March 2010: “A Leveraged Catch-22”

Here’s a rundown of March’s 10 biggest private equity news stories.


[slide title=”The Great Startup City Debate”]
March 8: Is New York’s Startup Scene Surpassing Boston’s? Not So Fast

Dan writes: “I spent a bunch of time in New York City last month, including extended hobnobbing with local VCs and entrepreneurs. One thing I heard over and over again was how the locals would soon leapfrog Boston in terms of entrepreneurial activity and venture capital funding – positioning themselves in the coveted runner-up position behind perennial leader Silicon Valley.”

[slide title=”Pay-To-Play’s Latest Victim”]

March 10:  GUILTY: Ex-New York Investment Chief Admits To Role in Pay-to-Play Scandal

David Loglisci, former chief investment officer for the New York Common Retirement Fund, has pled guilty to felony charges related to the state’s pay-to-play investment scandal. He also has agreed to cooperate with the ongoing investigation, and could face up to four years in prison.

[slide title=”Financial Reform Moves Forward”]
March 15: What Dodd Bill Would Mean for Venture Capital and Private Equity
Senator Chris Dodd today unveiled the latest version of his financial regulatory reform bill which, if passed, would have some implications for the venture capital and private equity markets (despite some media suggestions that PE/VC escape scrutiny).
It’s a lot like the original bill from last fall, but with exactly 200 more pages (we’ll consider this the unabridged version). Here are the relevant highlights.

[slide title=”Finally A Final Close”]
March 16: Avista Capital Partners Closes Second Fund
Following a first close on around $1 billion in August 2008, Avista basically sat on the sidelines while the financial world – and PE fundraising environment – collapsed around it. After gaining a fundraising extension in August 2009, the firm decided to tap the market again with a lowered target of around $2 billion (it had originally sought between $2.5 billion and $3 billion).

[slide title=”Big Branded IPO”]
March 15: Apax Banks 4.5x on Tommy Hilfiger, Invests in PVH Again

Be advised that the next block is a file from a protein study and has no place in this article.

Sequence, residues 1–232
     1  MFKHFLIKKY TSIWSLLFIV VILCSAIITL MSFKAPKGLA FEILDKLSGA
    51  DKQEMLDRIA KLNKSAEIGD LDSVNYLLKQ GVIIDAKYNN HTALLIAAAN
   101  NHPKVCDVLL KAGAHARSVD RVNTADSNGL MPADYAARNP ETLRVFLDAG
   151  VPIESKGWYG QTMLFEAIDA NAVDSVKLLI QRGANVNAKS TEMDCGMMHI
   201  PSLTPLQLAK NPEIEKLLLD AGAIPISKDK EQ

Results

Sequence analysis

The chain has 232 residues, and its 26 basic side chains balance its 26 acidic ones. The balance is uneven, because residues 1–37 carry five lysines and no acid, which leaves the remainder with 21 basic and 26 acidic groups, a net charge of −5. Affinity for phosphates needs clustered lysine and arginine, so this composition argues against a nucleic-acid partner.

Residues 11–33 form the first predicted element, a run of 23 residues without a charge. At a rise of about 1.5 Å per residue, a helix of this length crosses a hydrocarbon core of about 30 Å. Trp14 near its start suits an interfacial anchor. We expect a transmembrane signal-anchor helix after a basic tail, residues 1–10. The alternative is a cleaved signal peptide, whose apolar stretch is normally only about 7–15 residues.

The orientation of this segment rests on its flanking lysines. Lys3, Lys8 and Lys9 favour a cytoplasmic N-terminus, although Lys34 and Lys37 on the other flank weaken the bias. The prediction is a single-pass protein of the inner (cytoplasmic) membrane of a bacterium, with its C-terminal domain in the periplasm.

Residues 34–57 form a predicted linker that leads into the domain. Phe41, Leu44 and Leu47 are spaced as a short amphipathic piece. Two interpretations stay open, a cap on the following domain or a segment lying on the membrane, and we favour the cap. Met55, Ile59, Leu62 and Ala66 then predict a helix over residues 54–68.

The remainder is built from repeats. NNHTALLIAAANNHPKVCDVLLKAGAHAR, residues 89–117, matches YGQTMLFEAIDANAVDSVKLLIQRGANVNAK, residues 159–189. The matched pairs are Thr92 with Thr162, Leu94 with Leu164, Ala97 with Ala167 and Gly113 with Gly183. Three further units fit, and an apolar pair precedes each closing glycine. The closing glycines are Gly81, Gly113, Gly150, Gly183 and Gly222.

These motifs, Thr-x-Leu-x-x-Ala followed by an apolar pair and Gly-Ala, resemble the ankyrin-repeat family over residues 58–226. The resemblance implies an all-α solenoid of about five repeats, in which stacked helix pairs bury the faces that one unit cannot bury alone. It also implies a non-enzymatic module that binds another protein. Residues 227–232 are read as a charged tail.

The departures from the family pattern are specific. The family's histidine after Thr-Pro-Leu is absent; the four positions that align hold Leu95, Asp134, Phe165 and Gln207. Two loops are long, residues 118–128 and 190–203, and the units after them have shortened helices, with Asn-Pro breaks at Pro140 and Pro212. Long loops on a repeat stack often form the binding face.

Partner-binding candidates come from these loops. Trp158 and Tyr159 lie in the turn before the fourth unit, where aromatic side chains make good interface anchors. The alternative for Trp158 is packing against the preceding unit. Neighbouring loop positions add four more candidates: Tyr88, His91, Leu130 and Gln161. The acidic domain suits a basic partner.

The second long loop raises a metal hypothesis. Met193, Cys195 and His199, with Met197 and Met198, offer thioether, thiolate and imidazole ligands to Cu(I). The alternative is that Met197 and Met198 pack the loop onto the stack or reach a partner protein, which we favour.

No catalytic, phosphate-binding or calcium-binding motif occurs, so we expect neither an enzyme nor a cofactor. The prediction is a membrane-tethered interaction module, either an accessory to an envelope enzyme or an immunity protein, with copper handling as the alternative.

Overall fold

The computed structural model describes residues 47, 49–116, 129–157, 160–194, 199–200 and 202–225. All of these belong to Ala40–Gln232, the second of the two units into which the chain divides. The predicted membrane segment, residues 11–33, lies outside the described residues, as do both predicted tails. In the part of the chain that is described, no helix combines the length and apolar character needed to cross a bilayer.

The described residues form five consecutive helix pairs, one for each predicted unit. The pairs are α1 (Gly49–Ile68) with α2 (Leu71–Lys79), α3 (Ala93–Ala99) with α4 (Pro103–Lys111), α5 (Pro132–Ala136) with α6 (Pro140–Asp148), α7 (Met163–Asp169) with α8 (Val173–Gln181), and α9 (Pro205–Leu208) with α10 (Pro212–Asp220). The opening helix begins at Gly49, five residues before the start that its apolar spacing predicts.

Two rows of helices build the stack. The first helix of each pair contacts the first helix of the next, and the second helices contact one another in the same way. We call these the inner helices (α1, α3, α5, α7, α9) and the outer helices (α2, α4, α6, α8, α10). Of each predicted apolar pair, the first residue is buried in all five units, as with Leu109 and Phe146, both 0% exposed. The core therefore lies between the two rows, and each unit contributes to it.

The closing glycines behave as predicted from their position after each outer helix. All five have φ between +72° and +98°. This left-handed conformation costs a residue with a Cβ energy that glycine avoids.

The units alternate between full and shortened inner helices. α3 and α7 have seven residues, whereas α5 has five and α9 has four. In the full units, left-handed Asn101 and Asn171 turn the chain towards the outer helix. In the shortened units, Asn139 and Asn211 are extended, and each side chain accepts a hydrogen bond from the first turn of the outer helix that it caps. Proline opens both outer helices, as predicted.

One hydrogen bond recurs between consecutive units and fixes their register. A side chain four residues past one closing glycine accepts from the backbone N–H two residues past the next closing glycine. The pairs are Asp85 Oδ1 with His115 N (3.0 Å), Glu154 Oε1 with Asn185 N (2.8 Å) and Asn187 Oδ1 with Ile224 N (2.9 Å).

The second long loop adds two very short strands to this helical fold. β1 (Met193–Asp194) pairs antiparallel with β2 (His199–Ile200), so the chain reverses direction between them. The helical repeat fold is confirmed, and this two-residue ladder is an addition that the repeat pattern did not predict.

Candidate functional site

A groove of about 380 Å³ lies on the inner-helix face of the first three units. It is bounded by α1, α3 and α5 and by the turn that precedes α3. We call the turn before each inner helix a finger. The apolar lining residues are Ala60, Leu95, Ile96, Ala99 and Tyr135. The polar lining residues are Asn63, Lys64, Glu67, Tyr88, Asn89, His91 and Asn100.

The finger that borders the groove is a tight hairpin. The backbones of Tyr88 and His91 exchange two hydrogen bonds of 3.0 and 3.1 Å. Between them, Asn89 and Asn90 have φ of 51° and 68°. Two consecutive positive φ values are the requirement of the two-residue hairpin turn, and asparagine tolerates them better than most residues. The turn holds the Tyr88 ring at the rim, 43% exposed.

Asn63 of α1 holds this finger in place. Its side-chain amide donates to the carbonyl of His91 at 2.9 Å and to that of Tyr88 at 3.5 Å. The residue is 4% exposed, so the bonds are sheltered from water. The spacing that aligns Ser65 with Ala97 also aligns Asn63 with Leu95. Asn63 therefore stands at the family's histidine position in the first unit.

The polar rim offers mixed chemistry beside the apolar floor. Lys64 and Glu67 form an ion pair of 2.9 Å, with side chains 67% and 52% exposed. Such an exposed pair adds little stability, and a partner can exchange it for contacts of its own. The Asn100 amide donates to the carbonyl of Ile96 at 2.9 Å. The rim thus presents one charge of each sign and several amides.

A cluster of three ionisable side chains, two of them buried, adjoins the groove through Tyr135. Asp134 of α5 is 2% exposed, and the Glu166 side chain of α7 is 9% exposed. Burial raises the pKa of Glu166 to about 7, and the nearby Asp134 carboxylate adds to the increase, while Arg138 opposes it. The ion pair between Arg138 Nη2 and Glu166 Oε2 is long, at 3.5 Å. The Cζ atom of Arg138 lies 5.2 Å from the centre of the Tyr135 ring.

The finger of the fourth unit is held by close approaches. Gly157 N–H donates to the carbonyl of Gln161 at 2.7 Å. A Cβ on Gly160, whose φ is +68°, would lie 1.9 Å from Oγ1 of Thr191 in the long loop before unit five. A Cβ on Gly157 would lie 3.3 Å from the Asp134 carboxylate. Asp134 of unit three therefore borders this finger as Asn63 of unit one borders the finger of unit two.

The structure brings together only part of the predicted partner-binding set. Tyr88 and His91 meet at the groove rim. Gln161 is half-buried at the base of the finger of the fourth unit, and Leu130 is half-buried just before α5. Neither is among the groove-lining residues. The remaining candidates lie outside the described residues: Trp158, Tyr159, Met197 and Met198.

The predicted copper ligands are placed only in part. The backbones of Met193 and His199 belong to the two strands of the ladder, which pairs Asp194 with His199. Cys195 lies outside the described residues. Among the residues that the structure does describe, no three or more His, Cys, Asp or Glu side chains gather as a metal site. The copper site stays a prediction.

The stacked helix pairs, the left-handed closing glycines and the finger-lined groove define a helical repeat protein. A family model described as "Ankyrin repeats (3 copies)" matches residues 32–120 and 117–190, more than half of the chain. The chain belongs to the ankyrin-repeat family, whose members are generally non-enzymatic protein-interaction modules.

Contrary to conventional wisdom, brands really can travel uphill. Apax Partners’ successful ownership of apparel company Tommy Hilfiger is living proof.
When the buyout firm took Tommy Hilfiger private in 2006, Tommy-branded apparel was being sold by warehouse outlet stores at deep discounts. Apax saw value in its international operations, and plunked down $450 million in equity for a total deal value of $1.6 billion. The firm promoted Fred Gehring from head of Europe to CEO, and embarked on two years of intense turnaround execution.

[slide title=”Obamacare Passes”]
March 23: What Does Healthcare Reform Mean for Healthcare Investing
I think that this bill, without analyzing every line on every page, will have some positive effect on healthcare investing and finance. The removal of uncertainty is good. Now that there is at least some idea of what the new rules will be, investors, and strategic participants in the business can react. … Healthcare investing, both public and private, has historically been compared to a swinging pendulum. Time the swing right, and you make money. This phenomenon has been reinforced by healthcare entrepreneurs, particularly on the services side, who have a knack for sorting out government regulation and other business impediments.

Related: VC and PE Thoughts on Healthcare Reform

[slide title=”The FDIC’s Six Month Review”]
March 23: Who Was Invited to Sheila Bair’s Roundtable? Not Many GPs
The FDIC announced it held a little meeting with a motley crew of people who care about private equity investments in banks.
The lack of GPs, or perhaps the lack of sympathy to their concerns, likely contributed to the failure to get any of the FDIC’s stringent rules relaxed, at least so far. There could be a further announcement as to any policy changes, but the FDIC’s press release today doesn’t leave much room for optimism.

[slide title=”A Leveraged Catch 22″]
March 24:Private Equity: The Cause of, and Solution to, All of Life’s Problems
A new Moody’s default report reveals a troubling paradox: Private equity-sponsored companies are more likely to default, yet they’re also more likely to recover from default. It’s a leveraged catch-22.
The argument is that because of private equity’s appetite for leverage and dividends, their portfolio companies are generally at higher risk. No surprise there. Most PE-backed companies receive a B1 corporate family rating after their LBO – indicating high leverage tolerance and relatively low default rates – but a number of LBO-backed companies didn’t maintain that B1 rating very deep into the recession. Moody’s data blames half of all corporate defaults in 2009 on private equity

[slideshow=”ILPA Drama”]
March 24: LPs Push Back on Terms
Are LPs colluding to negotiate on terms and conditions? Dan believes such a characterization is a “canard.” This all led to a secret special meeting of important GPs and LPs. Which was perhaps not really all that big of a deal.

[slide title=”Cerberus’ Strange Hospital Deal”]
March 26: The Three-Headed Dog Will See You Now
Catholic hospital operator Caritas Christi this week agreed to sell itself to Cerberus Capital Management, in a deal Caritas Christi CEO Ralph de la Torre called “good news.”
Considering Caritas Christi’s new owner is named after a three-headed dog from hell, I’m sure the company’s 2,000 pensioners, 13,000 employees, and countless patients are praying he’s right.

March 30: Awards Time
Sister pubs VCJ and Buyouts have announced the winners to their respective “VCJ 20 Most Promising Startups” and “Deal of the Year Awards.”

See all past monthly wrap-ups here.

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